August 18, 2011
WASHINGTON, D.C. -- An international human rights body has done something that federal courts, including the United States Supreme Court, failed to do -- bring justice to a domestic violence survivor.
“This decision is important for Native women who face the highest rates of sexual and physical assault of any group in the United States,” said Jana Walker, Indian Law Resource Center attorney. “Although this case did not originate in Indian Country, it has major implications for an ethnic group who rarely sees their abusers brought to justice.”
On August 17, 2011, the Inter-American Commission on Human Rights issued a landmark decision in Jessica Lenahan (Gonzales) v. United States. The decision is the first women’s human rights case involving domestic violence brought before an international body against the United States.The Commission determined that the United States violated its obligations under international human rights laws by failing to use due diligence and reasonable measures to protect Ms. Lenahan and her daughters from violence by her estranged husband. The case was based on a tragic incident in 1999, involving the deliberate failure of the Castle Rock, Colorado police to enforce a domestic violence restraining order. Ms. Lenahan had repeatedly called the police for help after her estranged husband kidnapped her three children in violation of the order. Ten hours after Ms. Lenahan’s first call, the husband drove to the police station, where he and the three children were killed in an exchange of gunfire. Ms. Lenahan sought justice in the federal courts, including the United States Supreme Court, for violation of her rights by the police.
After the United States Supreme Court held that women do not have a constitutional right to have civil protection orders enforced by the police, Town of Castle Rock, Colo. v. Gonzales, 545 U.S. 748 (2005), Ms. Lenahan filed a petition with the Inter-American Commission on Human Rights alleging that the United States’ failure to act with due diligence to prevent violence against women violated its obligations under international human rights law.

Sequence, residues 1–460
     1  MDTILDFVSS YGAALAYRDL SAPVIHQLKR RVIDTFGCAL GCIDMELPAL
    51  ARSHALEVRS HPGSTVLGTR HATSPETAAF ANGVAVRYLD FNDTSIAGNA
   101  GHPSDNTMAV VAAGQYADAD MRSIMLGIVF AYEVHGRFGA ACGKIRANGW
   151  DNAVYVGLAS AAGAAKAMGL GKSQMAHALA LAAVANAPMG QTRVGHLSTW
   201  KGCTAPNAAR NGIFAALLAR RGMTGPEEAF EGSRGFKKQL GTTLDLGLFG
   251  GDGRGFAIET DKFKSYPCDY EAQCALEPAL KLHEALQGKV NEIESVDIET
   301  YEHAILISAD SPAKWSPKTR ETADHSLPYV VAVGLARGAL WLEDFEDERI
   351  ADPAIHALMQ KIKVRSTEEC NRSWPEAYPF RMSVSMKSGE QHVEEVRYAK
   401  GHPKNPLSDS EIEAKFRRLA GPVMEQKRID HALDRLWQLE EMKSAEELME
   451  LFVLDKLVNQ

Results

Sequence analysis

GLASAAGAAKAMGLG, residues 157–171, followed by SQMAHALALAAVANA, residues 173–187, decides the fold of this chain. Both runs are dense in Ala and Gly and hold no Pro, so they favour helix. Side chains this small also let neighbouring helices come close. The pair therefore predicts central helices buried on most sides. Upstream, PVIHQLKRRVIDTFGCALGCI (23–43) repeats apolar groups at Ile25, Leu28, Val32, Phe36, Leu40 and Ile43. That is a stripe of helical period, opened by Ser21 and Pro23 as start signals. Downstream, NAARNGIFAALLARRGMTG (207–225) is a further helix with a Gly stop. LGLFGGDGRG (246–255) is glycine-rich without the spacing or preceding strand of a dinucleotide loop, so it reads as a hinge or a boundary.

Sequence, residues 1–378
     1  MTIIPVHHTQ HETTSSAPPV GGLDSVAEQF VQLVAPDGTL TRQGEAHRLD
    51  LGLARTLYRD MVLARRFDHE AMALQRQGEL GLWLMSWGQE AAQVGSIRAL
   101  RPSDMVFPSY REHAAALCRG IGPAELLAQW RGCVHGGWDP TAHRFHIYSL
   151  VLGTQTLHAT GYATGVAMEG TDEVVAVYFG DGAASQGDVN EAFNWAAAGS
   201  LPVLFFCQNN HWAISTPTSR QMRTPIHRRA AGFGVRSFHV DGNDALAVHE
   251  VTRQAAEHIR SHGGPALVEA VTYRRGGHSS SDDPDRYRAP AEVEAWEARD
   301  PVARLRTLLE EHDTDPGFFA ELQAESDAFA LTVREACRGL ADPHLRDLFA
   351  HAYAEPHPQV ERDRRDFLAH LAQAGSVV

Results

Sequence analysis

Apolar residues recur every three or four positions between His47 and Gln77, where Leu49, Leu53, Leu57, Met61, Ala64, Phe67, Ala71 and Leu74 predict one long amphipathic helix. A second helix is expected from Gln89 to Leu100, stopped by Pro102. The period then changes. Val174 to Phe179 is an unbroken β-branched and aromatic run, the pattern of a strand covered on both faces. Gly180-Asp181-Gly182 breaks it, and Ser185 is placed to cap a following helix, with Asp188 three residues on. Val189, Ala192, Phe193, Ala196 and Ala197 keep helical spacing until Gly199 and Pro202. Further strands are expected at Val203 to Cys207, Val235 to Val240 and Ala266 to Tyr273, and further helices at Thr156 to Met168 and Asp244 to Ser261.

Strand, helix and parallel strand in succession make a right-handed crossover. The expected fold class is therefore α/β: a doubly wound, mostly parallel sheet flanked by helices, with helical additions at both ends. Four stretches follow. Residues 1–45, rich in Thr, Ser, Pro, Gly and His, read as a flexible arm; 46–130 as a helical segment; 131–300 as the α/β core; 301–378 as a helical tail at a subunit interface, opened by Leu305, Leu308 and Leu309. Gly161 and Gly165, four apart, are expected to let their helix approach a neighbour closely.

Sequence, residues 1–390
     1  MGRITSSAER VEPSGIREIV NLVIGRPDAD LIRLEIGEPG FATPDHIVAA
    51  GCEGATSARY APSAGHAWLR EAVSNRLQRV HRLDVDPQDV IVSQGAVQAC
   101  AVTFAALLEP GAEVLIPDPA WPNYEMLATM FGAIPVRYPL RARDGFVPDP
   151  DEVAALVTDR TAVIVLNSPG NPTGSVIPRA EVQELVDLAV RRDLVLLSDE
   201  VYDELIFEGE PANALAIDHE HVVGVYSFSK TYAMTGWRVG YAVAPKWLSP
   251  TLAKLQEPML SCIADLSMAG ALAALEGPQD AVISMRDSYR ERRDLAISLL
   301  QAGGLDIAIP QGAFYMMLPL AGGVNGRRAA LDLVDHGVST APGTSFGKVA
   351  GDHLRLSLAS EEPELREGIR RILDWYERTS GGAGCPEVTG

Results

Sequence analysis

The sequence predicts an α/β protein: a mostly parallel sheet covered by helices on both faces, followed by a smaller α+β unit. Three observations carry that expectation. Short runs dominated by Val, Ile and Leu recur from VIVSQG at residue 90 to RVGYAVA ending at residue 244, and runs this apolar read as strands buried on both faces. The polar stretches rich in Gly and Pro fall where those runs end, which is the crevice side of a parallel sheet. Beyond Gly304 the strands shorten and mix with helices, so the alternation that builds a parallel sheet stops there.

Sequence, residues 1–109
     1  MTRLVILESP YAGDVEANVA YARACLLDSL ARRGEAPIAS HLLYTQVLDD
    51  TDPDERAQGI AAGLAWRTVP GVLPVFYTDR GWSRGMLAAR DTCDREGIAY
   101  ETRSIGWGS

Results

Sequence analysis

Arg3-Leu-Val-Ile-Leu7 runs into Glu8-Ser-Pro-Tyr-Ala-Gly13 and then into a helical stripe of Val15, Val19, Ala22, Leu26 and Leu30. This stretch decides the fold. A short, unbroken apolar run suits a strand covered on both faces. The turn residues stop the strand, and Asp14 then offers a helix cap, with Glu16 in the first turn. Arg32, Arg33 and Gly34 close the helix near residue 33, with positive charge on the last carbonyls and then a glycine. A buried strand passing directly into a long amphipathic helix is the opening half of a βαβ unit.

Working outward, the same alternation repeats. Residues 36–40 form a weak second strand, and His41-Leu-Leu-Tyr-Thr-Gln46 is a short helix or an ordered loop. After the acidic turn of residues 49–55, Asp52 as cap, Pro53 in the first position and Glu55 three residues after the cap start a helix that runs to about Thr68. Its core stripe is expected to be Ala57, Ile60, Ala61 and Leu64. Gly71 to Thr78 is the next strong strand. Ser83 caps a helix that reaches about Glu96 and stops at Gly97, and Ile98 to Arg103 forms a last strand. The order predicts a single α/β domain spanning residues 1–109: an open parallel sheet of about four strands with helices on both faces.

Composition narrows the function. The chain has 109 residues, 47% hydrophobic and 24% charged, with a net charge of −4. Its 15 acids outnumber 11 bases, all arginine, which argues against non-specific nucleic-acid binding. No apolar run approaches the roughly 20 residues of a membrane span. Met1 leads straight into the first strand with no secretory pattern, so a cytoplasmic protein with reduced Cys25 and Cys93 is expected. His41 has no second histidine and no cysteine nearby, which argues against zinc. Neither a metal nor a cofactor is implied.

In 2008, the Indian Law Resource Center and Sacred Circle National Resource Center to End Violence Against Native Women filed a friend-of-the-court brief with the Commission in support of Ms. Lenahan, on behalf of numerous non-profit organizations and tribal governments working to end violence against Native women. In its decision, the Commission took notice of this brief and acknowledged that domestic violence has a disproportionate impact on Native women and other low income minority women.
“We want our voices to be heard around this case, because the United States Supreme Court decision had vast implications for Native women and the enforcement of tribal protection orders by state law enforcement officials,” said Terri Henry, Co-chair of the National Congress of American Indians Task Force on Violence Against Women and Principal Director of Clan Star, Inc. “Violence against Native women in the United States has reached epidemic proportions. One out of three Native women will be raped in her lifetime, and three out of four will be physically assaulted.”
Because the United States has greatly limited tribal criminal jurisdiction and sentencing authority, often the only recourse that Native women have against their abusers is a civil protection order.
“By allowing state law enforcement to choose not to enforce domestic violence protection orders, the United States Supreme Court decision in the Gonzales case greatly undermines the security of Native women, because no one else has the authority to enforce these orders outside of Indian country,” said Lucy Simpson, Executive Director, National Indigenous Women’s Resource Center. “This decision gives Native nations and our communities an instrument to change and improve the lives of Native women.”